Create the request file. To do this, type the following command at the command prompt, and then press ENTER:
certreq -new request.inf request.req
A new file called Request.req is created. This is the base64-encoded request file.
Submit the request to a CA. You can submit the request to a Microsoft CA or to a third-party CA.
Retrieve the certificate that is issued, and then save the certificate as Certnew.cer in the same folder as the request file. To do this, follow these steps:
Create a new file called Certnew.cer.
Open the file in Notepad, paste the encoded certificate into the file, and then save the file.
Note The saved certificate must be encoded as base64. Some third-party CAs return the issued certificate to the requestor as base64-encoded text in an e-mail message.
Accept the issued certificate. To do this, type the following command at the command prompt, and then press ENTER:
certreq -accept certnew.cer
Verify that the certificate is installed in the computer's Personal store. To do this, follow these steps:
Start Microsoft Management Console (MMC).
Add the Certificates snap-in that manages certificates on the local computer.
Expand Certificates (Local Computer), expand Personal, and then expand Certificates.
A new certificate should exist in the Personal store. In the Certificate Properties dialog box, the intended purpose displayed is Server Authentication. This certificate is issued to the computer's fully qualified host name.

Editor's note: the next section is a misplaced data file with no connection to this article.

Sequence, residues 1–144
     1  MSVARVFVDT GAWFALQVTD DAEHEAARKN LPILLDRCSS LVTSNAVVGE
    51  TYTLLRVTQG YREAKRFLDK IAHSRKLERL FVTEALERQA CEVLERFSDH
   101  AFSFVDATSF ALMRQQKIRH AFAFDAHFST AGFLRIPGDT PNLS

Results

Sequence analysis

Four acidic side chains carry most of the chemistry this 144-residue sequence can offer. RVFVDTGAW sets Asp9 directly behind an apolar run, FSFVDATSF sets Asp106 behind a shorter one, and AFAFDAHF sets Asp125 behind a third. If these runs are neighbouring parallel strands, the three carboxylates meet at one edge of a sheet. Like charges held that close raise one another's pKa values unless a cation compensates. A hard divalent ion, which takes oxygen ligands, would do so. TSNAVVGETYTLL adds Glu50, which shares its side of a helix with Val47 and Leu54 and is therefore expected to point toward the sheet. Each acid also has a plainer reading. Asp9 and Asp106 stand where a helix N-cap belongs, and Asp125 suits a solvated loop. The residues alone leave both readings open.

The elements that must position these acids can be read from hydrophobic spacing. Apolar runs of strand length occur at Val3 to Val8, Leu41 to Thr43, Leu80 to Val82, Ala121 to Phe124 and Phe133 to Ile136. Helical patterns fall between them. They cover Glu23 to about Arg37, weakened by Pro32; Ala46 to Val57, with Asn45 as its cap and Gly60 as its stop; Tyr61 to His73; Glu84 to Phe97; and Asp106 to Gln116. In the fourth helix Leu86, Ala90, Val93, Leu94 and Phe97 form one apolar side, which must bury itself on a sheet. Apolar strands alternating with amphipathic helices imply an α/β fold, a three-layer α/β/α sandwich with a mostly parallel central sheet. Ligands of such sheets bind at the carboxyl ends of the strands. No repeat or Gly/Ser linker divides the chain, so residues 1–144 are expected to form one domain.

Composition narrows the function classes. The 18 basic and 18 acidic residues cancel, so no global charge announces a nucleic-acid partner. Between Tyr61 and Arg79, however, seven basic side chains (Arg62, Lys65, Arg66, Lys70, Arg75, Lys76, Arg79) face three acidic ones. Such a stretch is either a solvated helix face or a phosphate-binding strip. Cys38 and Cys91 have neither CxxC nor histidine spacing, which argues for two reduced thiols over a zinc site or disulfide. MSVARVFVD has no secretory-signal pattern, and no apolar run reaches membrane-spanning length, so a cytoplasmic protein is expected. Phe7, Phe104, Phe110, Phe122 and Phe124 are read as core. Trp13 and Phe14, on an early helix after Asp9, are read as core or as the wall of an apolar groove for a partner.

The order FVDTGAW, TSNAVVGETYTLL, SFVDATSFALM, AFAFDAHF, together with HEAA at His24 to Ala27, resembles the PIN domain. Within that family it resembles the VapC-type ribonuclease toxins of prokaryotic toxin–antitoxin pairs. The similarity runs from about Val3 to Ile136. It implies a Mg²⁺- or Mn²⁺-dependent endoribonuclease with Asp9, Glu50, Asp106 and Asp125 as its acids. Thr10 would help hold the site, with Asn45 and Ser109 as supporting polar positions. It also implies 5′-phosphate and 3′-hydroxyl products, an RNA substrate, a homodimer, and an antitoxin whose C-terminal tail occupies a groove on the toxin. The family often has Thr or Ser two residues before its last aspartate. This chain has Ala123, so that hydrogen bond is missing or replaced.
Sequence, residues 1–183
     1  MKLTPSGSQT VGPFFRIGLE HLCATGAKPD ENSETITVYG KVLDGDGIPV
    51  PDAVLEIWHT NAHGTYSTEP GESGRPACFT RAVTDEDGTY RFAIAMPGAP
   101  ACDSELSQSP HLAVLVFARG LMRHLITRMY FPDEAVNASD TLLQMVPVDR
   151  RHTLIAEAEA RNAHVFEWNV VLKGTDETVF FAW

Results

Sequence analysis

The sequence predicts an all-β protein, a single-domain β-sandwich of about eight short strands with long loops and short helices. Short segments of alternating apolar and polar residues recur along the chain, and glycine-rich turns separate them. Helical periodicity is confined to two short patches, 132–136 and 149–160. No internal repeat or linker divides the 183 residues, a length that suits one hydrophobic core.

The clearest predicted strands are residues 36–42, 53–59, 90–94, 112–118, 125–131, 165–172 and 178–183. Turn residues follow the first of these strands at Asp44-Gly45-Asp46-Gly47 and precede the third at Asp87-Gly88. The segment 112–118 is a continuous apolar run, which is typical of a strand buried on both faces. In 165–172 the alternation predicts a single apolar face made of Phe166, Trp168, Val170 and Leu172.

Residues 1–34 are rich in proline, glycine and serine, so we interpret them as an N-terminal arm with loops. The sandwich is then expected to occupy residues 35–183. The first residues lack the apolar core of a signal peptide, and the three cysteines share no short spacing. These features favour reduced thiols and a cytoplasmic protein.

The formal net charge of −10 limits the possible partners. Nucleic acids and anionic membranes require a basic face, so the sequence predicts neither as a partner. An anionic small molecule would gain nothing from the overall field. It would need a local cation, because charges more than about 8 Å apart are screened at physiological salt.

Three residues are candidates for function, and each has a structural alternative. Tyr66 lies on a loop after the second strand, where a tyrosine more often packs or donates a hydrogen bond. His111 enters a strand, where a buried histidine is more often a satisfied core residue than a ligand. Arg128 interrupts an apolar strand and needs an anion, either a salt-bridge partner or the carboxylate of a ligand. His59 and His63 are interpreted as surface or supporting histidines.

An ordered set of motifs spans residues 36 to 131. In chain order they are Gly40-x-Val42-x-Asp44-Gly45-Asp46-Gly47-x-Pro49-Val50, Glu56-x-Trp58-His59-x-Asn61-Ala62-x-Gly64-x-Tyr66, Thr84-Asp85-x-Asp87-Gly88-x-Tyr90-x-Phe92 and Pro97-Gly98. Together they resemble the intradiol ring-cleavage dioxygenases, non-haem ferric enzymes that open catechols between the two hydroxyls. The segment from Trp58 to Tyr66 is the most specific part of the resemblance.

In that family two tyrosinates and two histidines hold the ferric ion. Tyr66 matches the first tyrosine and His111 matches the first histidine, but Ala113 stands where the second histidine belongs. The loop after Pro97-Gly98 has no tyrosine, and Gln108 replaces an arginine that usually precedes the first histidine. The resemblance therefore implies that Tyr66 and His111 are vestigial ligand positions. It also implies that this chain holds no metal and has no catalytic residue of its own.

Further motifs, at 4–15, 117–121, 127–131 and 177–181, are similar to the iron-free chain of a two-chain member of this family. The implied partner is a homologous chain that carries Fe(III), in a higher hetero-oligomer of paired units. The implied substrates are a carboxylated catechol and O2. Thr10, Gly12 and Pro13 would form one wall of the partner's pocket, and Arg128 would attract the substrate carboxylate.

Restart the domain controller.

Verifying an LDAPS connection
After a certificate is installed, follow these steps to verify that LDAPS is enabled:
Start the Active Directory Administration Tool (Ldp.exe).

Note This program is installed in the Windows 2000 Support Tools.
On the Connection menu, click Connect.
Type the name of the domain controller to which you want to connect.
Type 636 as the port number.
Click OK.

RootDSE information should print in the right pane, indicating a successful connection.

Possible issues
Start TLS extended request
LDAPS communication occurs over port TCP 636. LDAPS communication to a global catalog server occurs over TCP 3269. When connecting to ports 636 or 3269, SSL/TLS is negotiated before any LDAP traffic is exchanged. Windows 2000 does not support the Start TLS extended-request functionality.
Multiple SSL certificates
Schannel, the Microsoft SSL provider, selects the first valid certificate that it finds in the local computer store. If there are multiple valid certificates available in the local computer store, Schannel may not select the correct certificate.
Pre-SP3 SSL certificate caching issue
If an existing LDAPS certificate is replaced with another certificate, either through a renewal process or because the issuing CA has changed, the server must be restarted for Schannel to use the new certificate. The SSL provider in Windows 2000 caches the LDAPS certificate and does not detect the change until the domain controller is restarted. This has been corrected in Service Pack 3 for Windows 2000.
CCUITAdminAuthor Commented:

Thank you so much for your help! I do have a few clarifying questions. We need the cert for an external third party company to access our server. We updated the global DNS records so that a name resolves to an outside IP which gets forwarded to our internal server. The requests comes into our firewall for


and then get forwarded to a computer called


does that change anything in your answer? I was going to fix that by use a subject alternate name in our cert, but I'm not sure if thats right approach. So in our case the CA would be godaddy?
CCUITAdminAuthor Commented:
We consulted several experts and tried various things. Nothing worked very well.
CCUITAdminAuthor Commented:
CCUITAdminAuthor Commented:
Good answer with lots of good info but didn't exactly do what we needed,